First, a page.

Constantly updating time excel
I’m seeing a lot of referral traffic to this post searching for Excel 2010.
If you’re simply looking for where you define or modify named ranges in Excel 2010 (as one commenter indicated in response to an earlier version of this update), it’s on the Formulas tab in the Defined Names area — Name Manager.
If you are looking for other Excel 2010-specific information that this post doesn’t cover, please leave a quick comment as to what the change/issue is that led you to the search.
Thanks.] I’ve had a pretty good run of theoretical posts about the nature of marketing measurement of late, so it seemed like I was due for a more down-in-the-weeds-Excel-efficiency-tactics write-up.
For the purposes of this example, we’ll go with months.
Let’s leave the first row alone — this is where we will populate the “current value,” which we’ll get to later.
My favorite on that front is Jon Peltier’s (if you get intrigued by this post, hop over and peruse a slew of other ways to have charts dynamically update).
This post describes (and includes a downloadable file of the example) a technique that we use extensively to make short work of updating recurring reports. I like to just have the first worksheet as the presentation layer — let’s name it Dashboard — and the second worksheets as the data layer — let’s call that Data.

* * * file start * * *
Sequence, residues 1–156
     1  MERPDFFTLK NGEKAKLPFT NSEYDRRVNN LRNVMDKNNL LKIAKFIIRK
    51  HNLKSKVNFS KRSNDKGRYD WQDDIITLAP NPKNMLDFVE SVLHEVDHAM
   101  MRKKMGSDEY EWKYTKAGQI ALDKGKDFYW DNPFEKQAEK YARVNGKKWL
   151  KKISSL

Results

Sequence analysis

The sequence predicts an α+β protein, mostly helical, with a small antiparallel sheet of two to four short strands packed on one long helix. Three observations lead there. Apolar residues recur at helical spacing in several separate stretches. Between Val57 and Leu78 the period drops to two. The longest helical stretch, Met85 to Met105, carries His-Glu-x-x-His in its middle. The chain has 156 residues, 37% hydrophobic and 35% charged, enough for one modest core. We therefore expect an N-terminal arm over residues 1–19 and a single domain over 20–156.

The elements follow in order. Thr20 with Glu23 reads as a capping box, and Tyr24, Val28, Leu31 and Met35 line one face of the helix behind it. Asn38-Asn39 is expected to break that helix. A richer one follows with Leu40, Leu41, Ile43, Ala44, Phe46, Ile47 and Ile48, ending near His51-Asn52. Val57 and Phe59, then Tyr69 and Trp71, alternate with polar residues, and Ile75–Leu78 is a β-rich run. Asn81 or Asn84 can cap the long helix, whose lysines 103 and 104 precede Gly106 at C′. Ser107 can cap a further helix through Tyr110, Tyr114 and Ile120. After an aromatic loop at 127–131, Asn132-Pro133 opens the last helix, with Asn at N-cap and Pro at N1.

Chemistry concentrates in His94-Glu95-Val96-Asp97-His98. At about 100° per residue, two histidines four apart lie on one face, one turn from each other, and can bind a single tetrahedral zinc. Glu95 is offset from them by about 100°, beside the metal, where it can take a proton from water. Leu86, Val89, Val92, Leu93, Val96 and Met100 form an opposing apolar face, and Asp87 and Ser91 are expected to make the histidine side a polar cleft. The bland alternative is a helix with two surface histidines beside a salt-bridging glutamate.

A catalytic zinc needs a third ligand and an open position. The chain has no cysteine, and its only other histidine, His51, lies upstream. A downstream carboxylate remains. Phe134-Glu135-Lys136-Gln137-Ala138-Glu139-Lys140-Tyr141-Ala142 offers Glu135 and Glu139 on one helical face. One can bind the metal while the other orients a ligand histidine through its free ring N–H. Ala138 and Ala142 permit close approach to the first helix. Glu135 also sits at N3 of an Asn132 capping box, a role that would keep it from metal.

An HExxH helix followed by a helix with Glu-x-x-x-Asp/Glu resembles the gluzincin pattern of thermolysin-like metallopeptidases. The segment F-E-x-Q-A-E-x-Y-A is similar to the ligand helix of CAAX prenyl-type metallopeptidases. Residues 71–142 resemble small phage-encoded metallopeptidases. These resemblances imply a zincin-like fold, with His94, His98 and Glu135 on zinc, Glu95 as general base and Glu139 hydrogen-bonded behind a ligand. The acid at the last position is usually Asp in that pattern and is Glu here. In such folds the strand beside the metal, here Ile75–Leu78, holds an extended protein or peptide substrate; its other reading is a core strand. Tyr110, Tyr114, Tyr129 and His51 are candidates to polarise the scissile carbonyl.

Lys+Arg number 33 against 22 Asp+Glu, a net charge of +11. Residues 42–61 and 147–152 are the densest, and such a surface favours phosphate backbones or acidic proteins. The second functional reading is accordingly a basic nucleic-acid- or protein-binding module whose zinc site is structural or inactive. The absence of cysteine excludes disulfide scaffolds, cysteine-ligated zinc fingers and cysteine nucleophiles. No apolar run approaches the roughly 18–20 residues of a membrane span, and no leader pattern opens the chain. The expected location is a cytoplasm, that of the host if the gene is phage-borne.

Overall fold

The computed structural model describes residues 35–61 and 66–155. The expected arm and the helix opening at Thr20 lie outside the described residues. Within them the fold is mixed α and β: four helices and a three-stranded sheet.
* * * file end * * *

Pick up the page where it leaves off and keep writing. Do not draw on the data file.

And, we’re definitely going to want to have the whole range of data on the tab available to us.We’ll name the cell in the first row of each metric column as the current value for that metric (the cells don’t to be named cells, but it makes for easier, safer updating of the dashboard as the complexity grows).Name each cell by clicking on the cell, then clicking in the cell address at the top left and typing in the cell name.I like to use a simple shading schema to clearly denote which cells will get updated with data and which ones never really need to be touched.And, in this example, let’s say we’ve got three different metrics that we’re updating: Revenue, Orders, and Web Visits.